Spotlight on Fall River: Making Tough Calls Easier

By: Kristin Ouellette | Wednesday, April 8, 2015

No matter what issues uAspire students face, our Financial Aid advisors take their work seriously and do everything they can to help students understand their post-secondary options. In Fall River, Massachusetts, Advisor Bobby Bailey strives to help students see that there is more than one road to choose after high school.

Over the past few years Bobby has been working with Tyree, a B.M.C. Durfee High School student he has watched become a superstar athlete; the pride of Fall River. When Tyree and Bobby first met to discuss options after high school, Tyree wasn’t sure what he wanted to do, but he knew it wasn’t college. He had had a rough time academically throughout high school, switching schools two times in two years before ending up at Durfee in his junior year. A learning disability made it tough for him to follow along in class, and the two private schools he attended on athletic scholarships couldn’t provide him with support to accommodate his needs.

Initially Tyree’s Durfee counselors told him he was too far behind to graduate on time, but they provided him with academic help and support from a tutor. Not to be deterred, Tyree put in extra hours on his schoolwork. In fact, he  worked so hard that he caught up, and as he began his senior year, he was in good standing to graduate with the rest of his class. This June he will be the first in his family to complete high school.

Even after the progress and perseverance Tyree demonstrated, when Bobby brought up college Tyree was hesitant. Tyree has the passion-talent-work trifecta seen only rarely in athletes his age. Besides being a gifted defensive standout, Tyree scored 47 points in an impressive final game of a season in which he averaged 25.7 points, 14 rebounds, and two steals while shooting 65 percent overall. Ranked #6 in Massachusetts, Tyree has the glimmer of a chance of playing basketball professionally, and must decide what path to take to achieve his dream.

In the past few months Tyree has attracted the attention of community college recruiters across the country, who have offered him coveted ‘full ride’ scholarships to finance his education. His grades preclude him from playing at Division I, II, or III schools, and he had originally closed out on college because he wouldn’t be able to play for a Duke or a Kentucky. But playing basketball and getting an education is still an option–and the NBA isn’t out of the question.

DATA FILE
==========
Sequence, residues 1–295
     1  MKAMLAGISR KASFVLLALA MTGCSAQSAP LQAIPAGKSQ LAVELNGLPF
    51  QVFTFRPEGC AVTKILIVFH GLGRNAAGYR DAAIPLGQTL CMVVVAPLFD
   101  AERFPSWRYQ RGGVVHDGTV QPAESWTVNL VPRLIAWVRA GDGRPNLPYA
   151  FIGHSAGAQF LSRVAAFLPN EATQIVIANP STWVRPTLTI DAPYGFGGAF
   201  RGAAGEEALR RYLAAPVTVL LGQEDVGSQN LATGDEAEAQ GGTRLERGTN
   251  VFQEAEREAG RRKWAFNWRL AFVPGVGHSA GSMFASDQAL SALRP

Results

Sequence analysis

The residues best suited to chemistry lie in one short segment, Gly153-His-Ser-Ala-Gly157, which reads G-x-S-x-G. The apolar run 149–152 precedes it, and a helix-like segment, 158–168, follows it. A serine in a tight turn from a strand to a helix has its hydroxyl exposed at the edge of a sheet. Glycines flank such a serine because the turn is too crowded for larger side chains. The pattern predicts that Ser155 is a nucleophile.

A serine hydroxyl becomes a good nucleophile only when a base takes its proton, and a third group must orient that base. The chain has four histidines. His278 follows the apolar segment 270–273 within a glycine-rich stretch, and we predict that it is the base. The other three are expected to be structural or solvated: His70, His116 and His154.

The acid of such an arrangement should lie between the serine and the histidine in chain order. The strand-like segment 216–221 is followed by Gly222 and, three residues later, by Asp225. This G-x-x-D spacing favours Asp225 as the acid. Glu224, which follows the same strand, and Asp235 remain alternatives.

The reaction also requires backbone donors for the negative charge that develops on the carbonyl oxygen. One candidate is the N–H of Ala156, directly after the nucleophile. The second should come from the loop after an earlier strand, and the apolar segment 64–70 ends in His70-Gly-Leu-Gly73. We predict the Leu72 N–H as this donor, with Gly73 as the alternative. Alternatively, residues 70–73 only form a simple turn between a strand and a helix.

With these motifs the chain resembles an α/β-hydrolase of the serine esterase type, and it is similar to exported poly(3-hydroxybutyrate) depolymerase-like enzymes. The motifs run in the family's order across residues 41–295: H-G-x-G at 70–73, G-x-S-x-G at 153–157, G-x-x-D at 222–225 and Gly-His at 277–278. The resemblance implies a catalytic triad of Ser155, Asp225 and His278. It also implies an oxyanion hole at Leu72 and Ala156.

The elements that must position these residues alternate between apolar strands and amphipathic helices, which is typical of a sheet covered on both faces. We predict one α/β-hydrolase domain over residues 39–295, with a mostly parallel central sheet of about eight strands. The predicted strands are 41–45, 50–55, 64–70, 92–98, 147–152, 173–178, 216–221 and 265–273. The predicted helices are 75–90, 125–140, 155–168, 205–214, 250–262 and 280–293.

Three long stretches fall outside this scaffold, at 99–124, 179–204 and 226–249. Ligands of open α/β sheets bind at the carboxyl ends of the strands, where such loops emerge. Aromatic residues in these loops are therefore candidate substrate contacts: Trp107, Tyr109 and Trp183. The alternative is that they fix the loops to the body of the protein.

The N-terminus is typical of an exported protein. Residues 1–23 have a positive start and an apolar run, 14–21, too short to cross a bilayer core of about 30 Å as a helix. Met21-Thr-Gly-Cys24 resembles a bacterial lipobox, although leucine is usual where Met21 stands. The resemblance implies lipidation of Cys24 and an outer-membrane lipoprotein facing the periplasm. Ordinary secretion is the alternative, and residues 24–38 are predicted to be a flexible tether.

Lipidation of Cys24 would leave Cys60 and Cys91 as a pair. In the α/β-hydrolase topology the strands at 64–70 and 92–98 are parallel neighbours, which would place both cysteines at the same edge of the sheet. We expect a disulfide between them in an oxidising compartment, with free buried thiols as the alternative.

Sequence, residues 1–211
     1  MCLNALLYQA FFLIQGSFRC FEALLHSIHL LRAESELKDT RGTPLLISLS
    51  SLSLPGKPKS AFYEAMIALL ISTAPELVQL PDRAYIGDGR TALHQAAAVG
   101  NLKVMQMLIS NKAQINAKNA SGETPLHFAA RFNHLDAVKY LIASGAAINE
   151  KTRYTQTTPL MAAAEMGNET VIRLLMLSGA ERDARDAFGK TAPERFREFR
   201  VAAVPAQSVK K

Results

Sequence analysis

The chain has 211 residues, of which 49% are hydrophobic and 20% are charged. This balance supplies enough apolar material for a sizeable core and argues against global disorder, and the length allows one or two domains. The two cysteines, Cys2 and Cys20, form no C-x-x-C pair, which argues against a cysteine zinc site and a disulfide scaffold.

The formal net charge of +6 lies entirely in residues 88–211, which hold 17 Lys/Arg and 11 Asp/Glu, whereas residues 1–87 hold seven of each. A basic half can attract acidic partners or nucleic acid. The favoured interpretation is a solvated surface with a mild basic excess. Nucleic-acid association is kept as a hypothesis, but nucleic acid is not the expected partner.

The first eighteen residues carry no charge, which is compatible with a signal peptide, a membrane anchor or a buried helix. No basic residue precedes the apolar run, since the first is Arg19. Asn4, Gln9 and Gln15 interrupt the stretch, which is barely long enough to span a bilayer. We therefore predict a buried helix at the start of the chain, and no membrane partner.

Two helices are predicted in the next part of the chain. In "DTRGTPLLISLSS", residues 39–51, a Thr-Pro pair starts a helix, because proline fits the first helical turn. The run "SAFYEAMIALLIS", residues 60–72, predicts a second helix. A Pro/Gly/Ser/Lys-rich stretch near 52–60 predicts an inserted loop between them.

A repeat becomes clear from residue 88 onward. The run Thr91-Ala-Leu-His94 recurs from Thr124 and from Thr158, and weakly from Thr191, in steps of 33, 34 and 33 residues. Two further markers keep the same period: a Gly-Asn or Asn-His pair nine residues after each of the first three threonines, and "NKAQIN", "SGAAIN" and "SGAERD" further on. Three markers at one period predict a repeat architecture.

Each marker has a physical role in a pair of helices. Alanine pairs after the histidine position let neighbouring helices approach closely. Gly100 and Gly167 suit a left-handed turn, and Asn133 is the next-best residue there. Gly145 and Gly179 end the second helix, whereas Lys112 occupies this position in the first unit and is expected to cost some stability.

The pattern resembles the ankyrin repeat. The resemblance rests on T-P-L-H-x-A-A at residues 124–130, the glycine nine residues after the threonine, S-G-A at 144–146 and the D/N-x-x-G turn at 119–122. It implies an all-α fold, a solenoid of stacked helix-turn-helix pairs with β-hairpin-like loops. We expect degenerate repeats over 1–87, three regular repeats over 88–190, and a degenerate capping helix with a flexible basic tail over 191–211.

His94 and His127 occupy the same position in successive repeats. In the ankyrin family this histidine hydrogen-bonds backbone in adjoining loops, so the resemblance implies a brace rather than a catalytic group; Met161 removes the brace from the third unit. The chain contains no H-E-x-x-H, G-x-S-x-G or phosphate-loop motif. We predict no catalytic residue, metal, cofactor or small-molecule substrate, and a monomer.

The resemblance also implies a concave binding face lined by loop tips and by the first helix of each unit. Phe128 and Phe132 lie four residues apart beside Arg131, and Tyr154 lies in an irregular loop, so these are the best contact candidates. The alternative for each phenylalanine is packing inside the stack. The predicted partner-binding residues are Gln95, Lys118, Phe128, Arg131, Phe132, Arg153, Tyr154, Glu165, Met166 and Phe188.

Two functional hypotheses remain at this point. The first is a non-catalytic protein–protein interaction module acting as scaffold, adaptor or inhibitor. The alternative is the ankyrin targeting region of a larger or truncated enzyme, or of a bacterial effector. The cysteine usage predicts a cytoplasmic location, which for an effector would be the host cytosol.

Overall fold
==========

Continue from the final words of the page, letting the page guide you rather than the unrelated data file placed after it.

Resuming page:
Students in Tyree’s position have made the choice to go pro overseas with great success, most famously Emmanuel Mudiay, who opted for a $1.2 million dollar contract to play in China rather than attend college. Collegiate athletes make nothing in the US, and some even lose their eligibility and college scholarships as the result of punitive restrictions or injury. The opportunity to play a sport that Tyree loves and to be paid for it sometimes seems like a better plan than signing up to continue to struggle academically, despite his recent successes.

Ultimately, the decision Tyree will make this year at 18 will shape the rest of his life in an immense way–financially, emotionally, and professionally.

As a collegiate basketball player himself, Bobby understands Tyree’s circumstance and feels torn. On one hand, Tyree could have the opportunity to make hundreds of thousands of dollars playing outside the US before taking a shot at the NBA. On the other, Bobby doesn’t want Tyree to close out on the idea of college altogether, especially given the uncertainty of an athletic career. What if Tyree got hurt and couldn’t play anymore? And what if he felt that in making the decision to embrace professional basketball completely, he was foreclosing on the idea of college forever?

Bobby discusses post-secondary options with Tyree every time they meet. Not to convince him of one path or the other, but to make sure that fear, whether for his academic or financial future, would not get in the way of this choice.

Bobby has done everything in his power to help Tyree see that he deserves and is capable of going to college. He has met with coaches and recruiters, and with Tyree and his mother to help decipher the differences among scholarships and teams. He has researched which schools can provide Tyree with the academic support he continues to rely on, and which schools ensure a legitimate and enriching academic experience to their student-athletes. On top of this, Bobby has endeavored to make sure that Tyree not only receives this information, but understands what each decision might mean for his future.

Bobby is in near-constant contact with Tyree. Just last week, they were texting about the March Madness Tournament and Tyree’s most recent scholarship offer from a college. No one is really sure what Tyree will decide — the choice is up to him — but Bobby is satisfied that Tyree not only has all the information he needs, but has learned how to discern among choices that will affect his and his family’s future, and believe in his own abilities and decision-making, both on and off the court.